The day in 1973 that Henry Kissinger was awarded the Nobel Peace Prize, the American satirist Tom Lehrer once remarked, was the “moment that satire died. There was nothing more to say after that.” As the New Statesman’s gallery of great satirical art shows, he could hardly have been more wrong.
Not only is satire a central part of our artistic tradition and a crucial barometer of political freedom, it has just as much power to amuse, shock, inform and provoke as it did in the days of Hogarth and Gillray. This January, after all, police were forced to rescue the cartoonist Kurt Westergaard – who drew the most hotly criticised of the satirical images of the Prophet Muhammad that appeared in the Danish newspaper Jyllands-Posten – from a Somali extremist who had burst into his home. We may shudder at the thought of so brutal an attack on the principle of free speech, yet the episode reminds us of the central position that satire occupies in a healthy democracy.
One reason why British observers were so shocked by the controversy over the Danish cartoons, as well as by the repression of satire in countries such as Iran and China, is that satire is one of the few things we have always been good at. Jonathan Swift’s Gulliver’s Travels may be read now as a fable for children and as the inspiration for a chain of terrible theme parks, but in its day it was not merely a biting satirical portrait of the court of George I and the experiments of the Royal Society, but, in the chapters set in the country of the Houyhnhnms, a blistering depiction of the pretensions and vices of human nature itself.
William Hogarth’s Gin Lane and Beer Street might have been torn from a modern tabloid lamenting the rise of binge drinking, although even the Daily Express’s late deeply conservative cartoonist Michael Cummings might have shrunk from depicting such a nightmarish world of working-class alcoholism, infanticide and suicide. And to flick through James Gillray’s brilliant cartoons is to be reminded that, in some ways, modern politicians have it easy. It is little wonder that one of Gillray’s Tory patrons wrote to him in 1798 rejoicing that “the Opposition are as low as we could wish them. You have been of infinite service in lowering them, and making them ridiculous.”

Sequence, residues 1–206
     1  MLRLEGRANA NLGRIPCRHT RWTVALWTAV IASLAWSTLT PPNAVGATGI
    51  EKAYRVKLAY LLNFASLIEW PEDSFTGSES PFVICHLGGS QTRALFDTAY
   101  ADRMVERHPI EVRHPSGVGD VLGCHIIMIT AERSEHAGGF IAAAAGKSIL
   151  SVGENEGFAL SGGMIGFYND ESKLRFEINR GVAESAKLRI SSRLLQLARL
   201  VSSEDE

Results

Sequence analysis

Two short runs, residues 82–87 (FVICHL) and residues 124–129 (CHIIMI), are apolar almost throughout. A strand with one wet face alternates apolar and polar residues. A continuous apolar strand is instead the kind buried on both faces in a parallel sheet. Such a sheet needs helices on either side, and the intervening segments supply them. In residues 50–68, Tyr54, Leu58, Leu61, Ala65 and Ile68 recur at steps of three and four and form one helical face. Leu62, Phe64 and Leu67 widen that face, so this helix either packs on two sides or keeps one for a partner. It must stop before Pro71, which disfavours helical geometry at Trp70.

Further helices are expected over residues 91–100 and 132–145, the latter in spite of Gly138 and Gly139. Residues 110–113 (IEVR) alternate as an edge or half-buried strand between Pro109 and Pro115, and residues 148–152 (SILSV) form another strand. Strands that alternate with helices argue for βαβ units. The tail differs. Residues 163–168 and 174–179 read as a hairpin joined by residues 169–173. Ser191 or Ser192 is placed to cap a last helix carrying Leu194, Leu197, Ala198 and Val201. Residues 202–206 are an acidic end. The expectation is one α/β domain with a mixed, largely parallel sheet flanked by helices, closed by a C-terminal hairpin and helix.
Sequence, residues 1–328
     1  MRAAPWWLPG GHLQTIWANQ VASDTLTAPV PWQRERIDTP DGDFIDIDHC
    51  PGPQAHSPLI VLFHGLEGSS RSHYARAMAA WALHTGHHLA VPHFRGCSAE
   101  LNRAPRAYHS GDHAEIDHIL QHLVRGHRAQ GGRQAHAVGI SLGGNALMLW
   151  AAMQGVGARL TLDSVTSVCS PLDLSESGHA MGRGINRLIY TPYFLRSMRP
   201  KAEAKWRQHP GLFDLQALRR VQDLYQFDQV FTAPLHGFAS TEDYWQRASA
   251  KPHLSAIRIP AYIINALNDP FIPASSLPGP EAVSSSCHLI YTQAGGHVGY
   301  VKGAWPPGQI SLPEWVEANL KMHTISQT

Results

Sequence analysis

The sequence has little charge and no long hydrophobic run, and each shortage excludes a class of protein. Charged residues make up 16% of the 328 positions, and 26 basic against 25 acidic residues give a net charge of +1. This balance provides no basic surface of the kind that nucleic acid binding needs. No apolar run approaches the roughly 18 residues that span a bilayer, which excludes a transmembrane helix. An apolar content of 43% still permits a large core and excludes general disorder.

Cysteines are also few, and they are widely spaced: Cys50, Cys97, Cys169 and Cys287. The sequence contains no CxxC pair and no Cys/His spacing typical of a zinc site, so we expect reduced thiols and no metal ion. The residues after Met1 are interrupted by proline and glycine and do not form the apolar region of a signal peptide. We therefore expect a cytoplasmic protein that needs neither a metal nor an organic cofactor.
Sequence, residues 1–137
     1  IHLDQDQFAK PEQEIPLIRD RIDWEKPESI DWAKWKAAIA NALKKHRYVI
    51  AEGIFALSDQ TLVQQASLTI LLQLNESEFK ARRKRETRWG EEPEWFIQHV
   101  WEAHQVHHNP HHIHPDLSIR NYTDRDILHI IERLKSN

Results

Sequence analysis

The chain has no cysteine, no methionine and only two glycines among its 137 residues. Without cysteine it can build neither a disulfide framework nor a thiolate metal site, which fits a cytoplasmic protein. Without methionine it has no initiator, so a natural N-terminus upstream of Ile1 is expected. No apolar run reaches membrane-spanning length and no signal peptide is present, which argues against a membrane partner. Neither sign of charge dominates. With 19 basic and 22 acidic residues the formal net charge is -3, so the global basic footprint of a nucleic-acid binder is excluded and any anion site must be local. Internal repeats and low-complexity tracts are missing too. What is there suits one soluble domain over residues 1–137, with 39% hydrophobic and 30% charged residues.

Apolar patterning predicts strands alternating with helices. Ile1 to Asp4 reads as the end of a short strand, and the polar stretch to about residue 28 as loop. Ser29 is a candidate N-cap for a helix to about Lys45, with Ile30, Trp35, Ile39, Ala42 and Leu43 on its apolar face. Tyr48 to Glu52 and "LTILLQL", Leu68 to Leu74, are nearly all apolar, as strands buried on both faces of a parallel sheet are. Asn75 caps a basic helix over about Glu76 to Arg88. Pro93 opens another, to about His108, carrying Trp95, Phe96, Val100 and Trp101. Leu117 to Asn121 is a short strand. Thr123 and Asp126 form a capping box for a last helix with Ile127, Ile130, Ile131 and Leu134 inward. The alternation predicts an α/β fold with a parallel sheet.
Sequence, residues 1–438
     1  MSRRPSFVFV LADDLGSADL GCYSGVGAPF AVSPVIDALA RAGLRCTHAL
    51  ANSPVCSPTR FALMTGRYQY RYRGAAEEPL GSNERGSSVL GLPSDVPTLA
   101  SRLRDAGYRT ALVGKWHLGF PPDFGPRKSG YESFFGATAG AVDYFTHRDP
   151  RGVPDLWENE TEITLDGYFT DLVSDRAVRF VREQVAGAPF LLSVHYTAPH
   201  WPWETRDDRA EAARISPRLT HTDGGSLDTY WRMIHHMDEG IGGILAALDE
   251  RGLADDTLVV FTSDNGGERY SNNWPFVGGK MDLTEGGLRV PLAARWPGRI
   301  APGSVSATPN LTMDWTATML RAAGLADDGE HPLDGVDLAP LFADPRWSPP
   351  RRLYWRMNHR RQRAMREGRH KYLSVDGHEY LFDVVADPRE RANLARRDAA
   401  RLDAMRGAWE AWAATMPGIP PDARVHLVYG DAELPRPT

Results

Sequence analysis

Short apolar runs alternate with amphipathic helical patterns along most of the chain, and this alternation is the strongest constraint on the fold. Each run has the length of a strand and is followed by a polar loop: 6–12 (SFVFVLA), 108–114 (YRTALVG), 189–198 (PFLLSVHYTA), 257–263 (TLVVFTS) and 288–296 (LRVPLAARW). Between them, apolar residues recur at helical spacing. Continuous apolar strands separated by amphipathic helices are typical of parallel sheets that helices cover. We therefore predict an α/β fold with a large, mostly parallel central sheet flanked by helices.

Gillray was happy to satirise Whigs and Tories alike; his career is a telling reminder that satire is not necessarily left-wing. In some ways, indeed, satire has always had a markedly cynical conservative streak: many cartoonists are at their happiest mocking the high-minded ambitions of the political herbivore. Gillray’s cartoons played an important role in discrediting the French Revolution, its pretensions never more thoroughly eviscerated than in his juxtaposition of “French liberty” with “British slavery”. Almost two centuries later, cartoonists such as Cummings or the Evening Standard’s Raymond Jackson (better known as Jak) played a critical part in portraying trade union leaders as greedy cavemen and left-wing politicians such as Tony Benn as demented extremists. On one occasion in 1970, a Jak cartoon mocking striking power workers provoked the Standard’s printers to walk out – a perfect symbol of the cartoonist’s power.